Monday, April 22, 2013
WTF?-RA RART Readers' Retreat, April 20, 2013, Roseville Library
I helped organize this wonderful Readers' Retreat as part of my work on MLA's RART Steering Committee. We started the day with an icebreaker: What is your favorite RA blog and why do you love it? Mine was Detectives Beyond Borders "because murder is more fun away from home." The others are listed in LeAnn and Anna's google site below.
Next up were LeAnn Suchy and Anna Haase Krueger, who talked about Social Media and Readers' Advisory. They put together a google site, Readers' Advisory & Social Media, that lists all the sources they collected and consulted for their presentation. It was heartening to see the way libraries are using social media to further the love of reading! Some of the tools libraries are using are Facebook, Twitter, and Pinterest. (LeAnn and Anna urged libraries that use Pinterest to link to their library catalogs rather than to amazon or another book selling site.)
Before lunch, Carol Jackson of Ramsey County Public Library and I talked briefly about our experiences with Facebook Readers' Advisory. Carol pointed out that the last time her team had a FB RA session, there was a reply function on each comment, which they used to--yes, that's right--reply. This made their session much easier to manage.
After lunch, Jody Wurl talked about her experience as one of the 11 or 12 librarians who chose ALA's The Reading List, which highlights outstanding genre fiction based on these criteria: •It is a pleasure to read. •It embodies the standards of the genre, or conversely, it offers a new or unexpected take on those standards. •It is well conceived in terms of story line, character, setting, language, dialogue, tone, pace, detail, description, learning/experiencing, and narrative structure. She showed us photos of the stacks of books in her house during the process, and the sight of those stacks made being a Minnesota Book Awards judge seem like a walk in the park!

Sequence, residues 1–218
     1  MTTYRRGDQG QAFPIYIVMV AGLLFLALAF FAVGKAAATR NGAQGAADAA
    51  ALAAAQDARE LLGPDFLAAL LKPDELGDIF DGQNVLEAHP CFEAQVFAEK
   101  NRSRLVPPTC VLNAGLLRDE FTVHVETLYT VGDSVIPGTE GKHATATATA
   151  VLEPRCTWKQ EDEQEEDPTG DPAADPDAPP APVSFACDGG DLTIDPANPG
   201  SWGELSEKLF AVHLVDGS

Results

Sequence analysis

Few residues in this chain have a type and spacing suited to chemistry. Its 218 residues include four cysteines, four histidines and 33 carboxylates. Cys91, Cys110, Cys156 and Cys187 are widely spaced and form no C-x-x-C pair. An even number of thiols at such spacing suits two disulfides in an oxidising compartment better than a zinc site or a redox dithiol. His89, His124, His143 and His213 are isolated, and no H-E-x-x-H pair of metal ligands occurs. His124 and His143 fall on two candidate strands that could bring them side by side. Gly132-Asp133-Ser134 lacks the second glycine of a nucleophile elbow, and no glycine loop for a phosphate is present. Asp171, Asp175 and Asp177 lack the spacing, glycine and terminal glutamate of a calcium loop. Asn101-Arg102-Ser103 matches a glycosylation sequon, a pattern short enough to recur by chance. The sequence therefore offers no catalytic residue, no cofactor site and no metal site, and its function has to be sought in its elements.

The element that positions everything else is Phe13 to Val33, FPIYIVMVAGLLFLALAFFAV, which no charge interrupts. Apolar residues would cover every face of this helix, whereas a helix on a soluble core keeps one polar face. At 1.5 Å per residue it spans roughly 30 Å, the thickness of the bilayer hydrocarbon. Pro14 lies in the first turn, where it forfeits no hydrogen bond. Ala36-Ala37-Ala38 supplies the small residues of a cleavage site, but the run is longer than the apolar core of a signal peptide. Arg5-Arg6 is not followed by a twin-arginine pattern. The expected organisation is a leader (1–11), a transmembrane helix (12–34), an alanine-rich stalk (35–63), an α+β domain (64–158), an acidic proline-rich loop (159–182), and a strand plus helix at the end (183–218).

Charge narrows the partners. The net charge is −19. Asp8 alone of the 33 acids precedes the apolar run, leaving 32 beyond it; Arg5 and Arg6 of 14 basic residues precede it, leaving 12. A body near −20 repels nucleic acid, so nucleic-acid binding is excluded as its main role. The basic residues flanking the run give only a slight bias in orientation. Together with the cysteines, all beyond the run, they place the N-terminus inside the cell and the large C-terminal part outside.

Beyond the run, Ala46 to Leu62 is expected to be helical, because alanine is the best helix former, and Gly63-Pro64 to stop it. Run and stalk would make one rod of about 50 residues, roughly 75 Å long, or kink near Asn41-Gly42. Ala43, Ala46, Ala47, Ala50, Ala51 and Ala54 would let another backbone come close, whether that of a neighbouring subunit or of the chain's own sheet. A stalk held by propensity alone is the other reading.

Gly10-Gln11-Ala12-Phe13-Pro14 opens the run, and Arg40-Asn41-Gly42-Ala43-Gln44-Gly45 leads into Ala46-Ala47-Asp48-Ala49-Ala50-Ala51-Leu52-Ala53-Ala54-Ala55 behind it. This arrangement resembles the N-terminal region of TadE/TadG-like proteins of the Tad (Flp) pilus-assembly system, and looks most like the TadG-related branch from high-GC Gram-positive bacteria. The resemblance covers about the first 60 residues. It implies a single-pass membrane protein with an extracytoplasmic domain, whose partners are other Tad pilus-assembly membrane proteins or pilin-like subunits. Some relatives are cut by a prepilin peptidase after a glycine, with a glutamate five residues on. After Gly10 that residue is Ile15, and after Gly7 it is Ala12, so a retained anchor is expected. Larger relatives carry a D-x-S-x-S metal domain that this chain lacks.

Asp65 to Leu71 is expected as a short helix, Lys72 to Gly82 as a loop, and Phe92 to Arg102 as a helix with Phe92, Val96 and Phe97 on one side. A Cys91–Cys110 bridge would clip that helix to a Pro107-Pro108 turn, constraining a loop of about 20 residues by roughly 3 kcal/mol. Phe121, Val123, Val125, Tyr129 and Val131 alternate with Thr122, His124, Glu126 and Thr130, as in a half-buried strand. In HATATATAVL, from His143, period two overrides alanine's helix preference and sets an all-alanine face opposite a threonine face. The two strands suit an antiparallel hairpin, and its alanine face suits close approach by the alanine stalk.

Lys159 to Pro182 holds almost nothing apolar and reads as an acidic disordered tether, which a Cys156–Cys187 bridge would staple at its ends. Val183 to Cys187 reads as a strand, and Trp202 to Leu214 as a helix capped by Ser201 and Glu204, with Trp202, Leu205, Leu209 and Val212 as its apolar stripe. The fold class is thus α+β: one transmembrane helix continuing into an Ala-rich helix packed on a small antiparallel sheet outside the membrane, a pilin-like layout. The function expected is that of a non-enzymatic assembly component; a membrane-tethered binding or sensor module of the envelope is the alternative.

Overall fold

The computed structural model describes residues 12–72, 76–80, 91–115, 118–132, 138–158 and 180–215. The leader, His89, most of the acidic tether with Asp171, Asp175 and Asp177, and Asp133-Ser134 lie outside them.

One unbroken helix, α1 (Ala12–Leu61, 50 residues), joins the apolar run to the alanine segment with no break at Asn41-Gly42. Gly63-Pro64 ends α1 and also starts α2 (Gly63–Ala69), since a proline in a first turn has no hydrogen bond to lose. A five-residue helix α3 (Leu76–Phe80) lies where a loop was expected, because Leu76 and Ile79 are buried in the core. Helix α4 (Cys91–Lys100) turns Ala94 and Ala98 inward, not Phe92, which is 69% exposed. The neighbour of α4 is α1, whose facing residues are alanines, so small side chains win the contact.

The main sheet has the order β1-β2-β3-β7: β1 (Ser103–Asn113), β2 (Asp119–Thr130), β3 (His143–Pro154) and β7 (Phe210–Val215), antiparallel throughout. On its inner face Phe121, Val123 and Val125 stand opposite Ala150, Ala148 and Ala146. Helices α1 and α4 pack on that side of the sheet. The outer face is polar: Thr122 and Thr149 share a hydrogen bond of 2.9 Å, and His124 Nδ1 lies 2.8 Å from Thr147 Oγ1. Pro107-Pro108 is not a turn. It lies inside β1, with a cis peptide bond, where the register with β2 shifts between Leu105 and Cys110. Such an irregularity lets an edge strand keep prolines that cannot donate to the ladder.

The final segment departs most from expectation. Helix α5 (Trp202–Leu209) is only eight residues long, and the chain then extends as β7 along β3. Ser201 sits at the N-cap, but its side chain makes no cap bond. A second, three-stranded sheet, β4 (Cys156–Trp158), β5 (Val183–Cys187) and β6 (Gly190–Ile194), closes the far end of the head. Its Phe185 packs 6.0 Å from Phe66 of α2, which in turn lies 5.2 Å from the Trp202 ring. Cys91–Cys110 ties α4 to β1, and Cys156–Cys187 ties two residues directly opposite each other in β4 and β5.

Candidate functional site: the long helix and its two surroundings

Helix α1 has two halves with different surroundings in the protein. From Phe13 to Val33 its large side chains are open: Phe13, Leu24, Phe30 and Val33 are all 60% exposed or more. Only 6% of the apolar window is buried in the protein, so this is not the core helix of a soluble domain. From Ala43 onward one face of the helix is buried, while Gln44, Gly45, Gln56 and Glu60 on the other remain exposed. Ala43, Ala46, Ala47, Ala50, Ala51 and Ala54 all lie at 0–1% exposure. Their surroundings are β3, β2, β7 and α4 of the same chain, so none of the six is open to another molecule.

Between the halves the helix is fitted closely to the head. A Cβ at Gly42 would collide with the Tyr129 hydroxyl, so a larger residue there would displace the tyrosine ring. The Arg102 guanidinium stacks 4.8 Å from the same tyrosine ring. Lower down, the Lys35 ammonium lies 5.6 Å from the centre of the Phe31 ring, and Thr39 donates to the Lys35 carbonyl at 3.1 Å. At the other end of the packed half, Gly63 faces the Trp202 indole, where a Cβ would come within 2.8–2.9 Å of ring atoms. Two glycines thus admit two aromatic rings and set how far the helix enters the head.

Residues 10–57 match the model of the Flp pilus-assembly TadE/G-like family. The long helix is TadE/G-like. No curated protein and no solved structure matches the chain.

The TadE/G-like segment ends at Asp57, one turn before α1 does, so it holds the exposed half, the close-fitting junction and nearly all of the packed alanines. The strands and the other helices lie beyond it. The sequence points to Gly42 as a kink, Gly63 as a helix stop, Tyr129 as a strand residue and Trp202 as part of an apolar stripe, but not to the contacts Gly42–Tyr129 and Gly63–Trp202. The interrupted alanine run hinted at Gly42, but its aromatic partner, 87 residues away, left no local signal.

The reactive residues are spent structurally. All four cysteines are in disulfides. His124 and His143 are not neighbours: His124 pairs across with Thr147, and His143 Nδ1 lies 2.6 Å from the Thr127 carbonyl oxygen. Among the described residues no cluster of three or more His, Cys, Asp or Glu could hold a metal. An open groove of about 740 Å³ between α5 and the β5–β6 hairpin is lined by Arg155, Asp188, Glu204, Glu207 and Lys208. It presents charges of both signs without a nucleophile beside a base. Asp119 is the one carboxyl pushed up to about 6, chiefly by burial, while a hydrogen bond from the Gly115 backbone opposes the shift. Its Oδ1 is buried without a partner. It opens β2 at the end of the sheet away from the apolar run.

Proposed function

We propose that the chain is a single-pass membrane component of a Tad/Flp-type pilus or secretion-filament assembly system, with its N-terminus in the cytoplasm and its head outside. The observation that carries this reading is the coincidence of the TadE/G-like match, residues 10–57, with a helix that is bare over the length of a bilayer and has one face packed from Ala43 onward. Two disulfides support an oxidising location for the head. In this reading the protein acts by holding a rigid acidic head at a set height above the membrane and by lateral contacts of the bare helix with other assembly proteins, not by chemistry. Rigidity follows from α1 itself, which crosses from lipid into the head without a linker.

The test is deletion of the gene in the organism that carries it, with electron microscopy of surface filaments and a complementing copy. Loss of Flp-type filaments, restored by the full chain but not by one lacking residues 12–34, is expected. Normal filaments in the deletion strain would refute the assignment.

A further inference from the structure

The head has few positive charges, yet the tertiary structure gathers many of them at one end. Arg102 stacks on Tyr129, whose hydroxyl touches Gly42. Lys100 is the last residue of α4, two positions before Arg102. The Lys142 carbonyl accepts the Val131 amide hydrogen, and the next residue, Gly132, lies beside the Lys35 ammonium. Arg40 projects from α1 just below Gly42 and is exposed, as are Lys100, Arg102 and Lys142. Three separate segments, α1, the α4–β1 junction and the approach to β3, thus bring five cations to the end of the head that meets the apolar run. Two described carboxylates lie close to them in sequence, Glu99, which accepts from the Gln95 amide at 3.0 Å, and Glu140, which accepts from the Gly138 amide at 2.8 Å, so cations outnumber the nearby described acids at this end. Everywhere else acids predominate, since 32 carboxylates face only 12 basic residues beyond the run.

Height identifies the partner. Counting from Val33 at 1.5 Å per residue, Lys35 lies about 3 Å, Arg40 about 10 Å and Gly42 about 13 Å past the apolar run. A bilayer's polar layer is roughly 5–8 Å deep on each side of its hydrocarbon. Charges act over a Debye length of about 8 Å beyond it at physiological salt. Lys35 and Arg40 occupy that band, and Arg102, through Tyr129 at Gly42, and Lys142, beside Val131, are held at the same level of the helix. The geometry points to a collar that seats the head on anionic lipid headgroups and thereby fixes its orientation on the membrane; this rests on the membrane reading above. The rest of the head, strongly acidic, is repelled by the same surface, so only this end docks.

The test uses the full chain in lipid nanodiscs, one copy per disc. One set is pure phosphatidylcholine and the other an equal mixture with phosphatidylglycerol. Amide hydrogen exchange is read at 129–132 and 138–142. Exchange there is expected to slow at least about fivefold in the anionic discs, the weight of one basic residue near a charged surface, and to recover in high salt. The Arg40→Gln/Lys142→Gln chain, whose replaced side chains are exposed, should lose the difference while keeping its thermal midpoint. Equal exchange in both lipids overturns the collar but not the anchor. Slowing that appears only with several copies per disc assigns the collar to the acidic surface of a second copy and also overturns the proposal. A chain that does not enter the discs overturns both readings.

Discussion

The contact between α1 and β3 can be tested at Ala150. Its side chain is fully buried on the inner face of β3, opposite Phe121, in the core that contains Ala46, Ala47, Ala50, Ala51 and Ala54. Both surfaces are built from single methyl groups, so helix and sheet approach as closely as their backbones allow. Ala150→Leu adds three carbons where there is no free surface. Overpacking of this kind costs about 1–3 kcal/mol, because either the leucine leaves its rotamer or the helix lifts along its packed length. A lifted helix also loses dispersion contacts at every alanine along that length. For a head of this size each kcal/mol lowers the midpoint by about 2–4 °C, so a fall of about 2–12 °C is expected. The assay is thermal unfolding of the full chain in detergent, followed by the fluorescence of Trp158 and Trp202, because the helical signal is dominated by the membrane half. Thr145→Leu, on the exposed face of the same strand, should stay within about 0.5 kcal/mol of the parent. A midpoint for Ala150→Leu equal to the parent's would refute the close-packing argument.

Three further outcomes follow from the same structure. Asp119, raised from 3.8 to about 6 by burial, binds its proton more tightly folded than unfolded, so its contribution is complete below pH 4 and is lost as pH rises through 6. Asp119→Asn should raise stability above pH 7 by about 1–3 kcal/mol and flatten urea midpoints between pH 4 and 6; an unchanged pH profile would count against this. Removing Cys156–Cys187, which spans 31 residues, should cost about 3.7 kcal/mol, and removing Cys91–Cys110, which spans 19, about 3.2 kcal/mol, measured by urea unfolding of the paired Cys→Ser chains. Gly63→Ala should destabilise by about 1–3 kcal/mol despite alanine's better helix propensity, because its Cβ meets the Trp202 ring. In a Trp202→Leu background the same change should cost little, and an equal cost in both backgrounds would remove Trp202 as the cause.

Our final presenters were Peter Geye and Hans Weyandt, who talked about what makes an American classic. Peter mentioned The Western Canon by Harold Bloom as the place to find the "classics." Hans pointed out that if you look at the novels that have won the Pulitzer for the last 50 years, some have lost their luster. Peter and Hans each brought five books they consider "the people's classics" to the retreat, and here's that list: Benediction by Kent Haruf, Salvage the Bones by Jesmyn Ward, Empire Falls by Richard Russo, True Grit by Charles Portis, In Cold Blood by Truman Capote, The Surrendered by Chang-rae Lee, The Orchardist by Amanda Coplin, Dear Life: Stories by Alice Munro (this may not have been the collection Hans had in his hand, but it's her newest), The Turtle Catcher by Nicole Helget.All the King's Men by Robert Penn Warren. I have only read In Cold Blood and lots of Alice Munro stories, so I've got my work cut out for me.
--Barb @Highland Park
Posted by In The Loop at 11:20 AM